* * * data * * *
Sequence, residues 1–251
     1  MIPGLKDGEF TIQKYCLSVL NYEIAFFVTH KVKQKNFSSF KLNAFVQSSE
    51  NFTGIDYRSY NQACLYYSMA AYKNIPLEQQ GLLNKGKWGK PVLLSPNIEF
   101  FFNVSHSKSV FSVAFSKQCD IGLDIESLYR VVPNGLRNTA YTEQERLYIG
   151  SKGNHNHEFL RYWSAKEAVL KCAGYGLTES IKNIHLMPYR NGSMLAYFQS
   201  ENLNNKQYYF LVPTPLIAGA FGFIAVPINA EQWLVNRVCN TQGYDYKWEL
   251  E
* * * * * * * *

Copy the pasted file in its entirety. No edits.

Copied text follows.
Sequence, residues 1–251
     1  MIPGLKDGEF TIQKYCLSVL NYEIAFFVTH KVKQKNFSSF KLNAFVQSSE
    51  NFTGIDYRSY NQACLYYSMA AYKNIPLEQQ GLLNKGKWGK PVLLSPNIEF
   101  FFNVSHSKSV FSVAFSKQCD IGLDIESLYR VVPNGLRNTA YTEQERLYIG
   151  SKGNHNHEFL RYWSAKEAVL KCAGYGLTES IKNIHLMPYR NGSMLAYFQS
   201  ENLNNKQYYF LVPTPLIAGA FGFIAVPINA EQWLVNRVCN TQGYDYKWEL
   251  E